Janet Birkmyre Herne Hill Omnium

Janet Birkmyre is a world record breaking, British, European and World track cycling champion. She has joined our performance team for this year, so watch out for her regular blog’s on the website. Janet recently raced the first of the National track series, her’s how she got on…

The first race of the season is always a moment of truth and I would not have chosen to start with a national series.  The truth is, I have not raced for over seven months, since the World Masters Track Champs back in October 2011.  The plan was to ease myself back into racing in late April with some crits and track, but injury put paid to those plans and that injury was still niggling in the lead up to the omnium.  So I was filled with more than the usual measure of self-doubt that I could still make a mark at this level and also concerned that the racing would further exacerbate the injury.

With 25 women contesting the first round , it is clear that this series is increasing in popularity, no doubt due to its inclusion in the Olympic Programme.  In keeping with that, there were some quality riders in there too, including last year’s series runner up, Ellie Coster, the junior who is part of BC’s Olympic Development Programme and a torchbearer for 2012.  Newcomer to the series was Rachel James (Junior world sprint champion Becky James sister – sorry Rachel, I know you get that all the time!).  She clearly has her share of family talent and with her eye on representing Wales in the Commonwealth Games in 2014, a desire to succeed as well.  The Commonwealth Games was also the motivator for the large Scottish contingent who made the long road trip south for this Omnium, with silver medallist Charlene Joiner heading the line-up.

To add a bit of interest the format has changed this year.  The 500m TT that usually gets the omnium started is now the final event, mirroring the international version.  More significantly, the five events – scratch, pursuit, points, sprint and 500m TT – all have to be included in the programme and raced in that order, with the results of the first three being used to seed the sprint competition. 

From a personal point of view, I was not sure how that would work.  The 500 is a strong event for me and it is always good to start with that, but I completely support the decision to push organisers to include all five events and in a format which forces riders to really race every event.  Anyone soft tapping through the pursuit would now pay the price with a poor start in the sprint completion, which was a single round of four up heats and sudden death.

So in glorious sunshine and 30 degrees of heat, we kicked off with the scratch, won with a fine sprint by Ellie Coster.  Rachel James threw down her gauntlet by snatching second place on the line and I took third.  Next up was the pursuit and an event where I knew I had to do well to put some points between myself and the sprinters.  I went out hard and hung on, with no idea of the time, I had to trust that the level of pain I was feeling would equate to a good result.  Happily it did, I won and with four points after two events, I led the competition.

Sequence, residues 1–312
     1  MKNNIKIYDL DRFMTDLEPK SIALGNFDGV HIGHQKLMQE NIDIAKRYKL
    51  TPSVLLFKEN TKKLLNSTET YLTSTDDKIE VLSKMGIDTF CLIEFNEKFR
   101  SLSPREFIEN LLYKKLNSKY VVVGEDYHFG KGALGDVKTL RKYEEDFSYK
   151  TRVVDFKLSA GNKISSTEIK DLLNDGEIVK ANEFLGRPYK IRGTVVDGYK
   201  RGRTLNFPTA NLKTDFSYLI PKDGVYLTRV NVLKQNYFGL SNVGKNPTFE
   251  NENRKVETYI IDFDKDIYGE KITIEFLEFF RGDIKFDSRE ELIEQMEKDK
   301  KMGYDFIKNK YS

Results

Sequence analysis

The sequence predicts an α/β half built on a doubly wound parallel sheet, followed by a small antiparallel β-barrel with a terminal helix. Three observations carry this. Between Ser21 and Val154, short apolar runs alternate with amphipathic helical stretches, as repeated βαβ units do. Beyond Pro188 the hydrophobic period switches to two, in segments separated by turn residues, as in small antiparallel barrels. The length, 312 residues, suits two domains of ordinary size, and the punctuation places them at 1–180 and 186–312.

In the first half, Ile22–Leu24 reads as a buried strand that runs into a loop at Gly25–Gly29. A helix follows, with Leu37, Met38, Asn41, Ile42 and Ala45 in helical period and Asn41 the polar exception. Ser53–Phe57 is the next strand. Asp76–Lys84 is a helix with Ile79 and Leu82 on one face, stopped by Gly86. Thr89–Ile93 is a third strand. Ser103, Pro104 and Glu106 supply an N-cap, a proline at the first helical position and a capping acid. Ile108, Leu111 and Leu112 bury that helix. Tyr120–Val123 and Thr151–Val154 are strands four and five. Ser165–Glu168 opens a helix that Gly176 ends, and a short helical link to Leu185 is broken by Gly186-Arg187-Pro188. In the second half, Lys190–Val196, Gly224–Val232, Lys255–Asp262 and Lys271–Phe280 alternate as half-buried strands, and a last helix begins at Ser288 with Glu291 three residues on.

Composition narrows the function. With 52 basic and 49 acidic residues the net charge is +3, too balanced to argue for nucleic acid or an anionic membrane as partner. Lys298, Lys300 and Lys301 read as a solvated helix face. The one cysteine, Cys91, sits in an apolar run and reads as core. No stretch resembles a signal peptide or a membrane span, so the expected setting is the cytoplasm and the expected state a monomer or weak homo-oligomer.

The points race was aggressive and fast, a couple of attacks were swamped in the rush for sprints and a good number of racers picked up points across the five sprints.  I won one sprint and also scored in three others, to secure second place from Rachel James.  That kept me in first place and put me in a good position for the sprint competition, which I finished a disappointing fourth in.  The surprise winner was Lydia Boylan, who was having a good day and not picking up too many points from any one event.  I could not be sure whether poor gear choice, bad tactics, the awesome heat, or fatigue had taken its toll on me – perhaps all were playing a part, but I knew I needed to get my head in a better place for the final event, the 500m TT.  With sprinters like Ellie Coster and Rachel James, sure to turn in great times, I knew I needed to raise my game.

500m might seem like a relatively short distance, but do it right and it hurts – sorry, I meant to say really hurts!  This was the last effort, so I gave it everything I had left in me and boy did I hurt, I just had to hope that it was enough.  When I eventually heard my time, all the pain magically disappeared – 37.5 outside was a huge PB for me and meant that I had won the time trial by a full second from Rachel James.

With the help of my very patient husband, David, along with 5 Torq gels, two bars and countless scoops of energy powder consumed across the day, with all the points added up, I won the first round of the national series with 11 points, from Lydia Boylan on 18 and Rachel James on 25.  Ellie Coster was first junior and fifth overall with 33 points.

Thanks go to Graham Bristow for organising a great event for us, with stunning weather – actually I am not sure how much he had to do with the weather, but I know he had friends in high places.

Thanks also to the Knoesens of  www.thebikewhisperer.co.uk.  Bike fitters and mechanics extraordinaire and our watering hole on the way back up to the midlands.  No-one prepares recovery food like Corinne!

Pictures courtesy of (C) Copyright 2012 Guy Swarbrick, of www.trackcycling.me.uk  The only website dedicated to track cycling – from local track leagues to top level international competition